Welfare technology can help elderly people with cognitive impairment to retain a sound circadian rhythm with a good night’s sleep and activities that give energy during the day – and hence avoid increased stress and to maintain well-being.
The population of today consists of an increasing proportion of older people and challenges created by cognitive impairment become more common as we live longer. For most people, quality of life is better when living in one’s own well known and secure home environment for as long it is possible, taking both practical and medical reasons into consideration.
By using assistive technology that supports people with for example failing memory and with difficulties with daily routine, it is possible to stay at home longer. And even when it has come to the point that it is no longer possible to remain at home but instead move to a nursing home/assistive living, assistive tools can give security in a new and unfamiliar living environment. With early support and access to the right assistive tool at the right time it will be more sustainable for both individuals and for society.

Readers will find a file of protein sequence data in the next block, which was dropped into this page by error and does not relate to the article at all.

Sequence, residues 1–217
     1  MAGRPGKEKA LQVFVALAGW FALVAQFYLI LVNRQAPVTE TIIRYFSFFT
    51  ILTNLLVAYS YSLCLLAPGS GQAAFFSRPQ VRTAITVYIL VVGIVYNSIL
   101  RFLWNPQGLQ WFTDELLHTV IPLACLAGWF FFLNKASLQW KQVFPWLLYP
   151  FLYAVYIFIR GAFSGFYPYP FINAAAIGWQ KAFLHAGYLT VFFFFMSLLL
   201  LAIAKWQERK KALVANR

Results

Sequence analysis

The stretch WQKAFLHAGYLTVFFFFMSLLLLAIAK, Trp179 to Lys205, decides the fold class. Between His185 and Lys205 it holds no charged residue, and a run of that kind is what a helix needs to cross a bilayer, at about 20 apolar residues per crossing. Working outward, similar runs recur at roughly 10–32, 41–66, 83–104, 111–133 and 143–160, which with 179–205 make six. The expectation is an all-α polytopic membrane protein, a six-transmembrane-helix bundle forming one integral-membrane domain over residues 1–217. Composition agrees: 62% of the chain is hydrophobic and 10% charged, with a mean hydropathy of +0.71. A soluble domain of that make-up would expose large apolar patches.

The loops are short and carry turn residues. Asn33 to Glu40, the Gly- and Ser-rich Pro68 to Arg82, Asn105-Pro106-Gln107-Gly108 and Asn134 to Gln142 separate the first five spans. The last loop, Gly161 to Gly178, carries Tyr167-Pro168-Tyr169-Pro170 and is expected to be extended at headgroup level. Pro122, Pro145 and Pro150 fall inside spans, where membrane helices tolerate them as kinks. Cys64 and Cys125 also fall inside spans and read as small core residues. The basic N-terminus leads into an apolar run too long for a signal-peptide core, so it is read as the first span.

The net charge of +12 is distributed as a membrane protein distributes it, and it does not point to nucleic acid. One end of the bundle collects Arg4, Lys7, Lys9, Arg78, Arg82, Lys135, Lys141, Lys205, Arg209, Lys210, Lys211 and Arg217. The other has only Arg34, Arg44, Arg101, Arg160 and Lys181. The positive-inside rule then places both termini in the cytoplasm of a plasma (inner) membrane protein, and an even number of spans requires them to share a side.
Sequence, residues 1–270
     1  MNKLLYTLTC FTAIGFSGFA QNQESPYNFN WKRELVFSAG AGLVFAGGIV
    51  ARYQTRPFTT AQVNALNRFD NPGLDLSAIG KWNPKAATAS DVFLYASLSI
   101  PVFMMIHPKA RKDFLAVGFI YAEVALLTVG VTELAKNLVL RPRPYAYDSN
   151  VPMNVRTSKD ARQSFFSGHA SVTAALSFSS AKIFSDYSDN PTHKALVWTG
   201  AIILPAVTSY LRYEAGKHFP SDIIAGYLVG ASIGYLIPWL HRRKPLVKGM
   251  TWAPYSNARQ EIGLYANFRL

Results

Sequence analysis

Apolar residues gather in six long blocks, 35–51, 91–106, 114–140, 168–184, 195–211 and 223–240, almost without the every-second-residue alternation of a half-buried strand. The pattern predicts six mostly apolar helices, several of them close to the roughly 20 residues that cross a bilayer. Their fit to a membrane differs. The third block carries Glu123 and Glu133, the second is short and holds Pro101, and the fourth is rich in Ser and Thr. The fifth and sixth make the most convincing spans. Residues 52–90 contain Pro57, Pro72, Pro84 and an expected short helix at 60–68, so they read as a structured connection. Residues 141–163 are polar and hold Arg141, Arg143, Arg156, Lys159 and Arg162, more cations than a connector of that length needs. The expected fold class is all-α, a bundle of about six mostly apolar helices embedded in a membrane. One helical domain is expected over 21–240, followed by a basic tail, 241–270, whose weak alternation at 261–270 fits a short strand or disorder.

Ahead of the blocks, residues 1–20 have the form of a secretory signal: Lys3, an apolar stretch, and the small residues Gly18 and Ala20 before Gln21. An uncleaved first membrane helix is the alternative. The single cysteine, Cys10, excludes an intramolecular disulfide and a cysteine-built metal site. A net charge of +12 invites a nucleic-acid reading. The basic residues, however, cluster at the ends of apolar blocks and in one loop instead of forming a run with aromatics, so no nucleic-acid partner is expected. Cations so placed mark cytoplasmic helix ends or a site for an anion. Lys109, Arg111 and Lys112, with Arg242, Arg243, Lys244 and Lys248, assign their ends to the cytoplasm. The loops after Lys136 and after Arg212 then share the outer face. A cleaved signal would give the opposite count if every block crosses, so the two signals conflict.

Abilia recently launched the user-friendly calendar clock CARY Base, an assistive tool supporting people to remain independent with their daily routines. CARY Base shows information regarding date, time, and if its morning, daytime, evening, or night. With a press on the screen the information will be read out loud. Today’s activities and appointments can be shown on the screen and spoken reminders can be set for desired times. Through the cloud-based service myAbilia, relatives or care givers can keep the calendar updated and receive information regarding planned activities remotely.
CARY Base is easy to install, to use, and to customize and is developed for people that previously had the ability to keep track of time and date, but now struggle with these abilities. For an occupational therapist prescribing assistive tools, installation and user friendliness are important parameters to ensure effective implementation of tools, not only for the individual but also from an operational perspective.
Cecilia Arthuis, responsible for Abilia’s product management and product development, says “Abilia has many years of experience regarding prescribed products to support people with cognitive impairments. When welfare technology is working as its best, it contributes to increase people’s independence, participation, and hence quality of life. CARY Base is a good example of welfare technology making life better for users, relatives, care givers and contributes to socio-economic gains”.